You know, you might be right. But you know what? Saying that life begins at conception is arbitrary, too. Just as arbitrary. Well, maybe not JUST as arbitrary, considering the politics of conception are just as dripping with misogyny as abortion politics. So personhood begins at conception, huh? You know what the implications of that are? That the only action necessary to create human life, more people, is ejaculation – and that’s crap. You know what it actually takes to make a person? The bodily organs, life functions, consumed calories, 9 months incubation time – of a woman. This whole conception battle is extremely reminiscent of when “scientists” decided that the egg waited patiently for sperm to fertilize it. That’s something we all know now to be untrue, but when someone desperately wants women to remain socially defined as passive receptacles, it becomes an issue of contention. The fact of the matter is that the assertion that personhood begins only after ejaculation is almost as misogynistically dismissive of women’s contributions to society as the stifling of that contribution via abortion restrictions themselves.
“Should it make a difference if the child is dismembered first, then delivered, or delivered first, then dismembered?”
This is something you should ask the group of exclusively dudes who stood around Bush as he banned the D&X procedure via the “Partial-birth abortion ban”. D&X procedures are actually safer for women (Who don’t exactly obtain late-term abortions willy-nilly, but what’s a little hydrocephalus along with your forced gestation and birth, huh?), but since women’s safety is hardly tantamount for those who seek to ban abortion procedures at all, it doesn’t surprise anyone that they would still ban the procedure outright even if late-term procedures aren’t banned completely through such legislation.
“Reducing abortion rates should be something everyone can agree upon, regardless of whether one believes it is murder. Legislation can only go so far, so anti-abortion advocates like those marching in Washington should continue fighting to change minds, so human life can be given the value it deserves.”
Hey, you know, if they put half as much of that effort into not lying about the efficacy of condoms and other forms of contraceptives, they might get somewhere. Fetal worship gets the state of women, the adoption process, anti-poverty efforts, or anything that might contribute to a lower abortion rate nowhere. It’s an enactment of extreme callousness and lack of nuance (let alone ability to focus on practicality) to continue this woebegone quest to “inform” people that these anti-abortion folks have a belief just as arbitrary as placing personhood post-vaginal canal.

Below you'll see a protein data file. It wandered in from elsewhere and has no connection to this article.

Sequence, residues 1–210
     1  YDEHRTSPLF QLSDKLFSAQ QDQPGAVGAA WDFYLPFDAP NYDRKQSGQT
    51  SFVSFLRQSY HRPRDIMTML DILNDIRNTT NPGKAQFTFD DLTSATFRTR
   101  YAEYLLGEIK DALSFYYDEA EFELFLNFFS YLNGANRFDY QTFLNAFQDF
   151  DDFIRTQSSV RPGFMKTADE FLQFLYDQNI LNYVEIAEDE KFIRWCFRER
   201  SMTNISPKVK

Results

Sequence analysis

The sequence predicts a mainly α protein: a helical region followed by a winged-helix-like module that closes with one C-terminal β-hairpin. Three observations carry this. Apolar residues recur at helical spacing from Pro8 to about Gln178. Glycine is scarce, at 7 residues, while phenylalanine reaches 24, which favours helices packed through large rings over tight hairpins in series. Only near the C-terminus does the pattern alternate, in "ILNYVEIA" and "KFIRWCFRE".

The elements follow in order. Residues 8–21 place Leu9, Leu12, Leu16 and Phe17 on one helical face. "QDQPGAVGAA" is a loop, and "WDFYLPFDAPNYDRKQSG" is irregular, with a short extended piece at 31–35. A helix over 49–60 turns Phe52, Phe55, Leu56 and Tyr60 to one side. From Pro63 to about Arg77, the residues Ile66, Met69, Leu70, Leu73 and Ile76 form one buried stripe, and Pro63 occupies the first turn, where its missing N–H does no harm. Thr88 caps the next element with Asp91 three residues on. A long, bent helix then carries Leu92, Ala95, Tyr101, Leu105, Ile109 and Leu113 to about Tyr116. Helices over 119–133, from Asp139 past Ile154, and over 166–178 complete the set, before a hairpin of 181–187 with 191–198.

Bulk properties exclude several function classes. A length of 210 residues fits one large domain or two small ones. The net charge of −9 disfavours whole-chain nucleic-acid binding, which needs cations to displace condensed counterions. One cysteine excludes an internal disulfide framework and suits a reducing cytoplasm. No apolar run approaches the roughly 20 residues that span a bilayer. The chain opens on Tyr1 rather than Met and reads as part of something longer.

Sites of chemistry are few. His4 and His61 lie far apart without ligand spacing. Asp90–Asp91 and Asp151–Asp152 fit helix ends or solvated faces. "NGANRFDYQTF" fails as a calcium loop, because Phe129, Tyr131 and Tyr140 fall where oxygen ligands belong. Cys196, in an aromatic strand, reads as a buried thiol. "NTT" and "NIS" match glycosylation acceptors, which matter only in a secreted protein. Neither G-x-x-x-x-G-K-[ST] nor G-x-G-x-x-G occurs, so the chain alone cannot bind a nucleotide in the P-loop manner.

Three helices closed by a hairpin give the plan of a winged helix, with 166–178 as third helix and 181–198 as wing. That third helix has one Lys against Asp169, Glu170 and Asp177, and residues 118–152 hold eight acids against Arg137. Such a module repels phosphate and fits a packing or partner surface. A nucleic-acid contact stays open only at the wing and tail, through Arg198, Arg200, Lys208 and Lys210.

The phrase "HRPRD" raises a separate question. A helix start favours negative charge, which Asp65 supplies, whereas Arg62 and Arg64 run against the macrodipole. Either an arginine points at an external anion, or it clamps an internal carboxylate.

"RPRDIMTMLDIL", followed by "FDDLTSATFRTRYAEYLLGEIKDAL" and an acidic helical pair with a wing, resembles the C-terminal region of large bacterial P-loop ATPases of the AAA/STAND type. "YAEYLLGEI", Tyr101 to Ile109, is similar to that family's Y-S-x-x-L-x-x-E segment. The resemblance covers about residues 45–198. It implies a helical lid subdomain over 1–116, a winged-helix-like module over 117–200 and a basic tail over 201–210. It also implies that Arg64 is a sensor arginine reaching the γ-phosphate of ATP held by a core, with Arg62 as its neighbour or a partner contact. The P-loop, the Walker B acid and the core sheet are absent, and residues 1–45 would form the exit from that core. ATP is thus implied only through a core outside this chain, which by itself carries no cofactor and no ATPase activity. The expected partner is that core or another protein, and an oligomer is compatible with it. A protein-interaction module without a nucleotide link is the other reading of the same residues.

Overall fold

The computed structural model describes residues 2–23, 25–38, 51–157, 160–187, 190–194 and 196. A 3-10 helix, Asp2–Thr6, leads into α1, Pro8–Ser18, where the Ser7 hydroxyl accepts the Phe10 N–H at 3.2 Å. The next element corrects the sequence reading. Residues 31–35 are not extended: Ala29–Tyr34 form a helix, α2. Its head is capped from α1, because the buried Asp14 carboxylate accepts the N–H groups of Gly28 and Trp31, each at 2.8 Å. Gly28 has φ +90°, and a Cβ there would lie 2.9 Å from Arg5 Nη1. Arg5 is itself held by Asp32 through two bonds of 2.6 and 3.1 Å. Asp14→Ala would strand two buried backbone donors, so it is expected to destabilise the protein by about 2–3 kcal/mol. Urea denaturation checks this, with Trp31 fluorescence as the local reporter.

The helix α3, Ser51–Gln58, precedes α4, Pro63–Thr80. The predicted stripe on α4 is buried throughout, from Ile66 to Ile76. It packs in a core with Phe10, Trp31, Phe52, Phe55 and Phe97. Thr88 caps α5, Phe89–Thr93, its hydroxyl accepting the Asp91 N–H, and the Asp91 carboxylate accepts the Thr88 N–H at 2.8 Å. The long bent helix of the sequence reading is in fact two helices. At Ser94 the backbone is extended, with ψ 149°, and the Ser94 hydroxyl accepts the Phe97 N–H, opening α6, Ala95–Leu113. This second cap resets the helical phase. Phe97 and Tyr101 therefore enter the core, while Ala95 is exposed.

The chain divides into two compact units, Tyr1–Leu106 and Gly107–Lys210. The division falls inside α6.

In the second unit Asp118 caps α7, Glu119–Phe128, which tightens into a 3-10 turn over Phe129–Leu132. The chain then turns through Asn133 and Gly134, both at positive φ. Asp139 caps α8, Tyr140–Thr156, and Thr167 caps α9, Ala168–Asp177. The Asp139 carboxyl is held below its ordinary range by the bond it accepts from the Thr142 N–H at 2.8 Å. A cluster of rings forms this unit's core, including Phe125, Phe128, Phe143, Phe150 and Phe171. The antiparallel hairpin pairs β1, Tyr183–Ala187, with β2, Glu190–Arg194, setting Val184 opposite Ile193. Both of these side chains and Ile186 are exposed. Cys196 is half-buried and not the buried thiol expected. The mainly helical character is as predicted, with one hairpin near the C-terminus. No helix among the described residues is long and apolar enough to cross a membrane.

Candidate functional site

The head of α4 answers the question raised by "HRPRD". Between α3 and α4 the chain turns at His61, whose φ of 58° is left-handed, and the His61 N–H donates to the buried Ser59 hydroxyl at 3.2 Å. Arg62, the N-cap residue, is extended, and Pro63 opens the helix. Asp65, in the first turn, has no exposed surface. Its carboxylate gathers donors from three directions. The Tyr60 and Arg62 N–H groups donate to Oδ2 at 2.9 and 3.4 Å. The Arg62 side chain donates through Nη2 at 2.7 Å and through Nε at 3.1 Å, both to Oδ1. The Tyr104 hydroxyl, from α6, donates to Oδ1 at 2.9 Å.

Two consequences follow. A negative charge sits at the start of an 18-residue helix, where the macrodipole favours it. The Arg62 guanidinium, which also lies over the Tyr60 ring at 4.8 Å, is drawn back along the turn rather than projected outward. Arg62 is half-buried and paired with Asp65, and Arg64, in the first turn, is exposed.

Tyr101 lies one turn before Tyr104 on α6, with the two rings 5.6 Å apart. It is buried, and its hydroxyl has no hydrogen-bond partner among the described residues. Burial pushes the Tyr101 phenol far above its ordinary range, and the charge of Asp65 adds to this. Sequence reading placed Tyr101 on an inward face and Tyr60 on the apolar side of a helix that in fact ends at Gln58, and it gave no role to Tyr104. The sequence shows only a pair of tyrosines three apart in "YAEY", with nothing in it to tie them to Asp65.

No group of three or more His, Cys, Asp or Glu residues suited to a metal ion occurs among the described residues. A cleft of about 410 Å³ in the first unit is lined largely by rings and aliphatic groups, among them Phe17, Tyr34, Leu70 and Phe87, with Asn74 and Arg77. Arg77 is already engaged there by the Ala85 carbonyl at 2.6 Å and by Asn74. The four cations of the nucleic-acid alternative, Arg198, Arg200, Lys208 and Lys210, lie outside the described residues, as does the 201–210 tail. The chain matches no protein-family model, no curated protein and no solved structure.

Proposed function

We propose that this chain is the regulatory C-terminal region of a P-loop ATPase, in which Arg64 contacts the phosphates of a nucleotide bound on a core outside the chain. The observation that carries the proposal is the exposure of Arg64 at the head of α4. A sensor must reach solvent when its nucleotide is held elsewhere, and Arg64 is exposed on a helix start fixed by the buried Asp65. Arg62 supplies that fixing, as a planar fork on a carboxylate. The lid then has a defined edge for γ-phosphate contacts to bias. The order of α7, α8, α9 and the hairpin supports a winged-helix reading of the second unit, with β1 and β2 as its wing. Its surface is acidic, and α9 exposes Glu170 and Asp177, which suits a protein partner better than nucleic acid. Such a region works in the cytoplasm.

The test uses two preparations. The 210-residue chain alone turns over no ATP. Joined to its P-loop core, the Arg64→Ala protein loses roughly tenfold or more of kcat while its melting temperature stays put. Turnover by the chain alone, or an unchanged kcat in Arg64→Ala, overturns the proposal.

Abortion foes either can’t see the forest for the trees, or their goals are not as heroic as they try to make them sound. You cannot ban abortion without accepting/asserting that the reproductive subjugation of women is morally sound. Not to mention, even proving fetal personhood doesn’t put you past argument about the merit of bodily autonomy and integrity, so all in the all the conclusion of this article is shaky at best.
Nice try, but it would behoove you to write creatively about another subject, I think.
Ok, so, I’m a total Alice Paul fangirl. Ever since my first women’s studies class, in which my (wonderful!) first ever women’s studies professor showed us Iron-Jawed Angels and I cried in class while watching it and didn’t even care that I was the only one doing it because I was the only person in there who was super stoked to even BE in a women’s studies class, I have loved Alice Paul. I know this doesn’t make me unique – what feminist DOESN’T love Alice Paul? Lucy Burns? They’re the reason we can vote today, the reason why Hillary Clinton got so close to being president, the reason why Nancy Pelosi was able to put so many cracks in that marble ceiling, and even the reason why Sarah Palin shot to fame so she could badmouth other women –and it’s about damn time they got credit for it.
I’m so happy to see that plans are being made to memorialize the struggle that suffragists went through to get half of the US population to be recognized as more than chattel. It’s bad enough that women are underrepresented in the amount of memorials erected (lol, Washington monument) in their honor anyway, but at least with these plans our feminist foremothers might be able to get the recognition they deserve for going through that Night of Terror.
And, just for the occasion, I bring you a clip from Iron Jawed Angels:
I picked this one for the speech Alice Paul makes around 4:31. Gotta say though, the parade scene is my favorite.